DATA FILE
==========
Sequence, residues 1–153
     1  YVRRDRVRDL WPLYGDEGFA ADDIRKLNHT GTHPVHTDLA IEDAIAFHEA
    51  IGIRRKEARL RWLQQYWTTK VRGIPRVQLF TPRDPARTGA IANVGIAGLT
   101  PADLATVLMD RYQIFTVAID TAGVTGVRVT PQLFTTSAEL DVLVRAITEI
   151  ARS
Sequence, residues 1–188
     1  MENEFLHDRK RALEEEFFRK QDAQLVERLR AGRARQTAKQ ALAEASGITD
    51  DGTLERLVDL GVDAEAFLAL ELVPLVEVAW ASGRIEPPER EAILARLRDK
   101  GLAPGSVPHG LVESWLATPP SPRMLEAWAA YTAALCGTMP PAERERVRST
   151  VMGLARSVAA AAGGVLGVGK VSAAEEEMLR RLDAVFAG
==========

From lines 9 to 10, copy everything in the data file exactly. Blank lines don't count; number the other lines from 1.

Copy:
   101  GLAPGSVPHG LVESWLATPP SPRMLEAWAA YTAALCGTMP PAERERVRST
   151  VMGLARSVAA AAGGVLGVGK VSAAEEEMLR RLDAVFAG